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Alexandru Toma, Cristian Morarescu, "Detection of Short-Step Pulses Using Practical Test-Functions and Resonance Aspects", Mathematical Problems in Engineering, vol. 2008, Article ID 543457, 15 pages, 2008. https://doi.org/10.1155/2008/543457
Detection of Short-Step Pulses Using Practical Test-Functions and Resonance Aspects
An important aspect in modeling dynamic phenomena consists in measuring with higher accuracy some physical quantities corresponding to the dynamic system. Yet for measurements performed on limited time interval at high working frequency, certain intelligent methods should be added. The high working frequency requires that the measurement and data processing time interval should be greater than the time interval when the step input is received, so as to allow an accurate measurement. This paper will show that an intelligent processing method based on oscillating second-order systems working on limited time interval can differentiate between large step inputs (which are active on the whole limited time interval) and short step inputs (which are active on a time interval shorter than the limited working period). Some resonance aspects (appearing when the input frequency is close to the working frequency of the oscillating second-order system) will be also presented.
Filtering and sampling devices usually consist of asymptotically stable systems, sometimes an integration of the output over a certain time interval being added. Yet such structures are very sensitive at random variations of the integration period, being recommended for the signal which is integrated to be approximately equal to zero at the end of the integration period. For this reason, oscillating systems for filtering the received signal should be used, so as the filtered signal and its slope to be approximately zero at the end of a certain time interval (at the end of an oscillation). For avoiding instability of such oscillating systems on extended time intervals, certain electronic devices (gates) controlled by computer commands should be added, so as to restore the initial null conditions for the oscillating system before a new working cycle to start .
The filtering performances of asymptotically stable systems are determined by their transfer function. A filtering and sampling device consisting of low-pass filters of first or second order having the transfer function(for a first-order system) and(for a second-order system) attenuates an alternating signal of angular frequency about times (for a first-order system) or about times (for a second-order system). The response time of such systems at a continuous useful signal is about ( for the first-order system and for the second-order system). If the signal given by the first- or second-order system is integrated over such a period, a supplementary attenuation for the alternating signal of about can be obtained.
But such structures are very sensitive at the random variations of the integration period (for unity-step input, the signal which is integrated is equal to unity at the sampling moment of time), and the use of oscillators with a very high accuracy cannot solve the problem due to switching phenomena appearing at the end of the integration period (when an electric current charging a capacitor is interrupted).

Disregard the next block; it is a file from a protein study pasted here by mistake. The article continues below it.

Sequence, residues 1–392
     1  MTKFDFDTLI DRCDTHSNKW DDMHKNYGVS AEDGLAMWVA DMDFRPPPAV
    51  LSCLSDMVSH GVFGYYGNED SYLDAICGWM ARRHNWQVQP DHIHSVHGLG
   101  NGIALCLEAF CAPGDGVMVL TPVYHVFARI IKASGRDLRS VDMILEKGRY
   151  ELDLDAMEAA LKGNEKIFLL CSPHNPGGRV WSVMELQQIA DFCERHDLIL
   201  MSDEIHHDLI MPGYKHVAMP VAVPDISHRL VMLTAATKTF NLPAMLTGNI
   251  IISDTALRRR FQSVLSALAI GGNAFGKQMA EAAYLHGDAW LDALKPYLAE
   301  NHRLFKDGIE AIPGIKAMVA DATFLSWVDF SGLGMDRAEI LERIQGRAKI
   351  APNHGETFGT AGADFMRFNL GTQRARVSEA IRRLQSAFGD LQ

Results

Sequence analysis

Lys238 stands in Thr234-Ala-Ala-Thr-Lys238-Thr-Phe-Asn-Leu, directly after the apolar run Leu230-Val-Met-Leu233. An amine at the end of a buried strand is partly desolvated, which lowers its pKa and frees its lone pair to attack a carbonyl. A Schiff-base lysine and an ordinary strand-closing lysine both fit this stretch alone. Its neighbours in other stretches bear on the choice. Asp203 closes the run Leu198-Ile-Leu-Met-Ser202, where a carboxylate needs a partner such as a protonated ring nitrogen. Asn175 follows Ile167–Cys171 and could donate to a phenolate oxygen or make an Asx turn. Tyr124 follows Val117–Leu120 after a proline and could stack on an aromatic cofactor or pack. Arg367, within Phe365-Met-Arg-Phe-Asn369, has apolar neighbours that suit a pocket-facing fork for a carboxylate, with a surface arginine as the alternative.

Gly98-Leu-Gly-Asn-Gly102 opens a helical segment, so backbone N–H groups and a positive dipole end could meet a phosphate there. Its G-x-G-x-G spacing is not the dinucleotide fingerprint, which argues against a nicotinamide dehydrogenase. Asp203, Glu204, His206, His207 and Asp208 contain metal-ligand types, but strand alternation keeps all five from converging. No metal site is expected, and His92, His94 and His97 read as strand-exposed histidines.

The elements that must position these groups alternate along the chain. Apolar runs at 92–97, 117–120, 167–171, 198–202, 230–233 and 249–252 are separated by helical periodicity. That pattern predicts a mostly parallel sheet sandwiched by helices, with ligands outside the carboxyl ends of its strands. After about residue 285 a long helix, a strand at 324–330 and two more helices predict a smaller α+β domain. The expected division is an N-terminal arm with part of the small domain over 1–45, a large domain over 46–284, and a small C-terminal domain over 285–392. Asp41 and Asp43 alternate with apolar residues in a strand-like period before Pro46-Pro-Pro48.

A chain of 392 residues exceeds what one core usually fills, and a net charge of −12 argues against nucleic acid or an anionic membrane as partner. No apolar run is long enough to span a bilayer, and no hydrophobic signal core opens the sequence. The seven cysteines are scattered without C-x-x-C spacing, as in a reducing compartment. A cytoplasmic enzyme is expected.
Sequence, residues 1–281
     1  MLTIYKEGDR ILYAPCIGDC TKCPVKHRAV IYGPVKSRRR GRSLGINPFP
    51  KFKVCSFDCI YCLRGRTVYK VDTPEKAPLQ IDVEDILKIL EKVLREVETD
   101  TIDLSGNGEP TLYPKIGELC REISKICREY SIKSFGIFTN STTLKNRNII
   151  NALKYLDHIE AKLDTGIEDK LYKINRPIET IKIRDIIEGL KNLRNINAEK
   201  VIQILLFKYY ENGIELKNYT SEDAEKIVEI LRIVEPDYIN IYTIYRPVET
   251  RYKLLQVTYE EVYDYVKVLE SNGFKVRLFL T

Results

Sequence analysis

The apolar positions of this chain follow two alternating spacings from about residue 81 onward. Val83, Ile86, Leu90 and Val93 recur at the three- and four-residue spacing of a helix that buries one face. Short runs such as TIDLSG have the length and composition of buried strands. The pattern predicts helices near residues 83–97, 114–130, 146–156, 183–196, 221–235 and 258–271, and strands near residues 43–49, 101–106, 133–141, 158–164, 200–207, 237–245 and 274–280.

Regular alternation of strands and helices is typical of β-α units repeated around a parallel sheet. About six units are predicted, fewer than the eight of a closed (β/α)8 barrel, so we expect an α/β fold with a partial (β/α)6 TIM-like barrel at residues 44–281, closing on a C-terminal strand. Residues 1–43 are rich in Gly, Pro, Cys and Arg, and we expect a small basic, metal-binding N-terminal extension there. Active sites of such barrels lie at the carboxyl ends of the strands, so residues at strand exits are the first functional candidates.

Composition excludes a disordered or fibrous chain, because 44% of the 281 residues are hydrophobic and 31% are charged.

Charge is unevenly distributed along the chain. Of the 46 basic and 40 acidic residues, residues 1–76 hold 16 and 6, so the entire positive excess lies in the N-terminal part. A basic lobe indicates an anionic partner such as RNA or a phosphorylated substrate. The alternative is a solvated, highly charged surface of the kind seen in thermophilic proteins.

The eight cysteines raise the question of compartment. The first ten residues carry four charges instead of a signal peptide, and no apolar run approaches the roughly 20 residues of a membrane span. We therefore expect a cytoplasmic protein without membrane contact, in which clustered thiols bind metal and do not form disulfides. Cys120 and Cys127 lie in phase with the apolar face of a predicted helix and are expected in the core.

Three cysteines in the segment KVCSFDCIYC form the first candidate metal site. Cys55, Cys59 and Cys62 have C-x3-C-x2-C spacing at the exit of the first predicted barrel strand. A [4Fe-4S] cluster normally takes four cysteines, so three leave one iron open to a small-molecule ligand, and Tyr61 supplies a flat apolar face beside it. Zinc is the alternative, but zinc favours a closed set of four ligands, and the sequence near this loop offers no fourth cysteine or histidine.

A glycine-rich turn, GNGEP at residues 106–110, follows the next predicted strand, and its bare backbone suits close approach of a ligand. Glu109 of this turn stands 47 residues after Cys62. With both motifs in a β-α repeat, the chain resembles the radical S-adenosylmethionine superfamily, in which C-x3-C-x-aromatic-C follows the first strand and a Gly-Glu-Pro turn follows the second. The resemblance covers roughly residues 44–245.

These random variations cannot be avoided if we use asymptotically stable filters. By the other hand, an improvement in an electrical scheme used for integrators in analog signal processing (see [2, 3]) cannot lead to a significant increasing in accuracy, as long as such electronic devices perform the same task (the system has the same transfer function). There are also known techniques for reducing the switching noise in digital systems, but such procedures can be applied only after the analog signal is filtered and sampled, so as to be prepared for further processing. So we must give attention to some other kind of transfer functions and to analyze their properties in case of filtering and sampling procedures, similar to wavelets analysis presented in [4, 5].
Mathematically, an ideal solution consists in using an extended Dirac function for multiplying the received signal before the integration (see ), but is very hard to generate such extended Dirac functions (a kind of acausal pulses) using nonlinear differential equations for (i) symmetrical pulses (see ) or (ii) asymmetrical pulses (see  for more details).
A heuristic algorithm for generating practical test functions using MATLAB procedures was presented in . First it has been shown that ideal test functions cannot be generated by differential equations, being emphasized the fact that differential equations can only generate functions similar to test functions (defined as practical test functions). Then a step-by-step algorithm for designing the most simple differential equation able to generate a practical test function was presented, based on the invariance properties of the differential equation and on standard MATLAB procedures. The result of the algorithm consists in a system working at the stability limit from initial null conditions, on limited time intervals, the external signal representing the free term in the differential equation corresponding to the input of the oscillating system. Such a system could be built using standard components and operational amplifiers. However, the previously mentioned study  did not investigate the behavior of such an oscillating system for an input represented by a short-step pulse. These aspects will be studied in this paper. Finally, supplementary resonance aspects (appearing when the input frequency is close to the working frequency of the oscillating second-order system) will be also presented.
2. Modeling Transitions by Practical Test-Functions Integral Aspects